Usually I download [music] and, if I like the band, I buy their physical record to help them. I buy more things from national bands; from international bands I prefer to download it, since they have more structure to keep their career. This is different for national bands, which depends on CD sales, t-shirts, etc. [...] I think music download is important to know the band and also to reduce the resources to produce something. But I think it is important to buy physical materials from the band. We need to reach a balance and learn to identify who just wants some revenue and who wants to build something that is really good. [...] the Internet is a great tool to publicize, to discover new bands, to get information. There are a lot of blogs and Web sites over there marketing bands, there are places to download albums, it is very nice and productive, but the scene cannot sustain itself with YouTube videos, downloads and Facebook chats. It needs people to attend shows, to buy band material and establish real friendships.

This emphasis on the need to sustain the scene in real life also appears in international cases, as seen before. Several people stressed the importance of access to music, knowing the band’s production through the Internet, but asserted that if one likes it, more needs to happen than simply watching their videos on YouTube. This means going to their shows, buying their records and t-shirts, and helping the band to continue its work.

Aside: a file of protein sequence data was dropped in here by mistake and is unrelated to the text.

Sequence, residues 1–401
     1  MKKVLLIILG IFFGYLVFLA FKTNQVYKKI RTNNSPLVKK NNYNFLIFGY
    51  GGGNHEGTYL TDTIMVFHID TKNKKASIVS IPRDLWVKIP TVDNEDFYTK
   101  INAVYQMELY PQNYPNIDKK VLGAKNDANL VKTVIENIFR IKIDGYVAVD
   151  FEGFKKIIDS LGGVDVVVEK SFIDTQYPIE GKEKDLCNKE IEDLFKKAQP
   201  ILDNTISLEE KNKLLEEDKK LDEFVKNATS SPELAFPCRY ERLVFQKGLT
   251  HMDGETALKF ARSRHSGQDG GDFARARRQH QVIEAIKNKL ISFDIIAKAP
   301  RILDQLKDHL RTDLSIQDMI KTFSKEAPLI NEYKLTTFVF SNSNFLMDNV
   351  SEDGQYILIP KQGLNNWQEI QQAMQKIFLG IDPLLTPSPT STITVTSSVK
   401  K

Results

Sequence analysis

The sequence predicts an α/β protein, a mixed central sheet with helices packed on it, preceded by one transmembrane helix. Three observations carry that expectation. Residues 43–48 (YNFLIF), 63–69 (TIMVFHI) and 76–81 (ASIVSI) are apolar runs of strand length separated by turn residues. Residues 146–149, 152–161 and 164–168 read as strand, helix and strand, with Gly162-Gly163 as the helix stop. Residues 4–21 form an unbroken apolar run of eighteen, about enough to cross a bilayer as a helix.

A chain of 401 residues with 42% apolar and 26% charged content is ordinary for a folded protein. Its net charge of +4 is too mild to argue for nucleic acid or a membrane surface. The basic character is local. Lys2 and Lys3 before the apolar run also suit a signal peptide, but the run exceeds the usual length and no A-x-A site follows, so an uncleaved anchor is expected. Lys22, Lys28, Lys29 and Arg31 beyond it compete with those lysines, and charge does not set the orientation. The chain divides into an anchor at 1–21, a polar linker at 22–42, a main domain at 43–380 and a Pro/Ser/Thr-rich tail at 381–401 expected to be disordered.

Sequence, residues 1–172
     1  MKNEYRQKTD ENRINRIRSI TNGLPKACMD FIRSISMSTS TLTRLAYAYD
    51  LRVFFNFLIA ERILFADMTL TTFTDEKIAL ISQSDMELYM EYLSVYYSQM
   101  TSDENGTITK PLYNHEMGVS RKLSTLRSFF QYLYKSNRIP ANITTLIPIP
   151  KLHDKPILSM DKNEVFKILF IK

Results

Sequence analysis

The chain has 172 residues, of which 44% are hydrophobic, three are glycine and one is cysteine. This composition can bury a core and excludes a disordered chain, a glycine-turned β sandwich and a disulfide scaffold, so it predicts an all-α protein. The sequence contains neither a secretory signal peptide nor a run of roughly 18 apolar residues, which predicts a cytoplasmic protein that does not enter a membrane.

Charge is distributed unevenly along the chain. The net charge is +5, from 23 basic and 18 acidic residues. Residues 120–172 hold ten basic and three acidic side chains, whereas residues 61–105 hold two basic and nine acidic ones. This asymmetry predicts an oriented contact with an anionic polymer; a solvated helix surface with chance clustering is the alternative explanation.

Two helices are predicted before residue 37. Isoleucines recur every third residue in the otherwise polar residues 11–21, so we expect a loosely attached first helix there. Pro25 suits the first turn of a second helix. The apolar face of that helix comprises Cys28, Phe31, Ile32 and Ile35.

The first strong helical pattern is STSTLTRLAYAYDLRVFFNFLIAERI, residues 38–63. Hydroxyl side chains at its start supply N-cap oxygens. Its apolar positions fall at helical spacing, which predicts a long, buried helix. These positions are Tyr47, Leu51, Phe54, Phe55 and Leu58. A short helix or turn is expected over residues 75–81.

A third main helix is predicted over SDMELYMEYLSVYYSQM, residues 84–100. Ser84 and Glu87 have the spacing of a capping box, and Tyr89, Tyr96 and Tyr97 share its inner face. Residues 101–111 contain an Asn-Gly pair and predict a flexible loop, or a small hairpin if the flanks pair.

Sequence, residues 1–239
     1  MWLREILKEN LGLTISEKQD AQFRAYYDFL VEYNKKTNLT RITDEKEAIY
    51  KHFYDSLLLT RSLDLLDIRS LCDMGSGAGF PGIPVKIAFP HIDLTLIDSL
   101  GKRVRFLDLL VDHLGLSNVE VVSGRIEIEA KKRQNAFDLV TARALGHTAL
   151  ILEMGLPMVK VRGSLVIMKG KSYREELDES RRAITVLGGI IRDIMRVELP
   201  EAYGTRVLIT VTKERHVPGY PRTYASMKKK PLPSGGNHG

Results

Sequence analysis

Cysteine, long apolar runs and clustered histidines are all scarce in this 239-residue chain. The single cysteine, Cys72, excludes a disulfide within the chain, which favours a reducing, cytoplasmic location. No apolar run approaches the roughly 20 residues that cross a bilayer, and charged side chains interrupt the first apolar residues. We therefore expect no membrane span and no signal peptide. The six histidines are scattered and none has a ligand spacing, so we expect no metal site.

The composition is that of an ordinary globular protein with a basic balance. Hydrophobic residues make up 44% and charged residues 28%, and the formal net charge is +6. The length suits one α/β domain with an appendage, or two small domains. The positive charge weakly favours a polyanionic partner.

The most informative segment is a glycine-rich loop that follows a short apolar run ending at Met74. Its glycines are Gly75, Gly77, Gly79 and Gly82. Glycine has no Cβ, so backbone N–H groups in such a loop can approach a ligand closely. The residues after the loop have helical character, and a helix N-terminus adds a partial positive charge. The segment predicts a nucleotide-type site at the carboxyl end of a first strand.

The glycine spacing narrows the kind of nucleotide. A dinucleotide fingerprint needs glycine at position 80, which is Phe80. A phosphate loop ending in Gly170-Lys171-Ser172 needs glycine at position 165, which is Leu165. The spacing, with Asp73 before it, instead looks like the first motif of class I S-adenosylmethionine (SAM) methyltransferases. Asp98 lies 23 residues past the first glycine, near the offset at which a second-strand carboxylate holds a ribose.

The music industry has been fighting an arduous battle against “illegal” file sharing and so-called piracy, pressing countries to adopt enforcement mechanisms against copyright violations in legislation — as well as filing disproportionately punitive lawsuits against people who consume music in this way. One of the findings regarding this subject is that people connected to the subculture with whom I talked to do not seem to care about copyright issues. As long as people do not use their work for commercial purposes and give the right attribution, reproduction and sharing are free.

I believe that most people do not have this worry [copyright]; they know the money comes from other things, that’s the truth. What they want more is to sustain their work than to earn money. [...] One day, if the music industry goes bankrupt, that’s fine, because the artist always finds other ways to earn money; everyone knows that musicians do not earn money from music, the amount is minimal. I believe that what labels want is to produce a number of records that do not stay stuck, or that can sustain what was spent. This is a very important preoccupation, in my opinion (André, 34 years old).